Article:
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One of the most destructive forces in our relationships is our level of competition.
The most destructive thing about it is that most of us are not even aware of how
competitive we are. We compete in conversations to tell the best or the worst story,
we secretly harbour comparisons about who is the best dressed / most intelligent /
richest or poorest / most morally superior – the list is endless. We compete in every
area of our lives; it is encouraged in many of our workplaces, and to the extent we
are competing at work we then go home and compete with our partners and even
with our children. Many of us have competed most of our lives with our brothers and
sisters, and in our experience the ones that compete the most are those that appear
not to compete at all.
We can begin to recognize how much competition we have in our lives when
someone in a significant relationship with us starts to fail. Our competition is one of
the dynamics in a relationship when one partner starts to appear as failing in any
area, be it work, health, abundance, friendships, or anything else. What is going on
is that we have stopped giving and loving and supporting them and we have begun
to compete with them.
Our competition always sets up a world of winners and losers. In competing we set
out to win, and win over the people closest to us. While this may not be our
conscious intention, it is the pattern that has been set up for us since our early
childhood, as all competition is built on a belief that there is not enough to go
around so you better compete with your brother and sister, compete with your
mother and father, in order to win your ‘fair share’.
All competition therefore is built on this belief in scarcity – ‘there is not enough to
go around’. It appears that the dynamic underneath this competition and scarcity is
the belief that we are special or the wish to do things just for ourselves. Just to give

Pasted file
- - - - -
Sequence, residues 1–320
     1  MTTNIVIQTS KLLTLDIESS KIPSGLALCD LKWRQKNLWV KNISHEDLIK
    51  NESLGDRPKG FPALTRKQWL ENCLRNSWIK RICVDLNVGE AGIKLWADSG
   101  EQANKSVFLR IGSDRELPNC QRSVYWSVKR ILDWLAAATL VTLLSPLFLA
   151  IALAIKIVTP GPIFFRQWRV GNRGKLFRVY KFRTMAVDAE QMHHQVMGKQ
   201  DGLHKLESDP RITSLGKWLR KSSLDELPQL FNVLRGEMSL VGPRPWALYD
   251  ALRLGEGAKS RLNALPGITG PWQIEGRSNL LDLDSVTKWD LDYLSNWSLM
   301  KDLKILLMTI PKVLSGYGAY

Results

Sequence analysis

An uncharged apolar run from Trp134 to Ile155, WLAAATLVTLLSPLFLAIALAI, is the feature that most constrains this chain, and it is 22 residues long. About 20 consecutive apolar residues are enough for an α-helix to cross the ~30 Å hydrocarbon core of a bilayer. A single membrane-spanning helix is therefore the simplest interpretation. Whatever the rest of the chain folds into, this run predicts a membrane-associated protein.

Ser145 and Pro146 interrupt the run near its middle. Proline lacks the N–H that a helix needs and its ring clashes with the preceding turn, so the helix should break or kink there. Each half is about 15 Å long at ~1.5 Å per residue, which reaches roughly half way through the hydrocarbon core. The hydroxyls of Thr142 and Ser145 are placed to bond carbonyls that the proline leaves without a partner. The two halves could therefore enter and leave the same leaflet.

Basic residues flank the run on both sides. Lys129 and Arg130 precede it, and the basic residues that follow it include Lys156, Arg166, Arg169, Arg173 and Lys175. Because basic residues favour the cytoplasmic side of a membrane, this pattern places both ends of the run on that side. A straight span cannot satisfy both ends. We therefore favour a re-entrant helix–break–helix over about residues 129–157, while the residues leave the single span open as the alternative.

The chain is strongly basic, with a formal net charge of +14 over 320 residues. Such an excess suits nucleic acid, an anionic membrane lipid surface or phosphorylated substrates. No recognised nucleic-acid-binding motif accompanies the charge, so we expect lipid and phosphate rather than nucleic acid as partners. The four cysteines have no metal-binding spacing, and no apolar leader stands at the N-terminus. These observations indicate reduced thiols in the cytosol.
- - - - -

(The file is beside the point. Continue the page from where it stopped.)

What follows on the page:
us an idea of how insidious it all is, this level of doing things just for ourselves
becomes one of the core building blocks of our ego. It is reflected in our outside
world as a world full of winners and losers, and isn’t that how our world is now, with
half the people winning and half the people losing? It is well known that there is
enough food in the world to feed everyone, but this imbalance in our minds will
result in people starving in our world of plenty.
1 of 3 Relationship Knowhow © VisionWorks for Life, Jeff & Sue Allen 2012
Recently both Jeff and I, after 14 years of healing, have been revisiting our levels of
competition and once again have been surprised at how much of this underlying
competition there is in our relationship. Things have got better and we both enjoy a
level of success, and we consciously support each other. Interestingly,
both of us come from a family of four
siblings, both of us have one sister
and two brothers, both called Peter
and John. The sibling rivalry in Jeff’s
family has been legendary: to the
mirth of many of Jeff’s friends when
he meets his older brother, John will
physically punch Jeff a number of
times. This is such a reflection of the
level of competition going on in their
childhoods because it seems it was
one continuous fist-fight. My old
competition with my sister is
reflected for me in the way I compare
myself to the women in the training
team I am now a part of, and for Jeff
it is still difficult to join a queue as the
thought of standing at the back
brings up that feeling of loss that
every competitive person hates to
feel, and therefore inflicts on others.
It is time well-spent to look at any levels of competition going on in your life.
Who around you is failing or has failed? Which one of your bothers or sisters
is not doing so well at the moment? (If you are the one losing, recognize that
you are also competing and you compete by losing in one area so that you
can win in some other way – e.g. ‘pious poor’.)
In your eyes, is your partner growing and becoming more gifted, or is your
partner shrinking and displaying more faults?
If they are becoming more gifted, it is because you are being a good partner and
giving to them and supporting them, because as we give to and support our
2 of 3 Relationship Knowhow © VisionWorks for Life, Jeff & Sue Allen 2012
partners, they will change and grow. If we don’t do that, they begin to fail and we
start complaining about them, which only compounds the failure and hides the
place where we are not giving.
In the very core of us, we need to change the belief that we live in a world of
scarcity, and that there is any need for us to be special. The truth is, there is enough
for everyone, there is enough food, nourishment, space, and love.
So today, who could you give to, who could you support? Even if you begin to
change the direction of your attitude towards giving rather than taking or
expecting, your life and the lives of those around you will begin to improve. What
really lies under competition is our fear of the next step forward in our relationships
and/or our lives.
With love Jeff and Sue
3 of 3 Relationship Knowhow © VisionWorks for Life, Jeff & Sue Allen 2012
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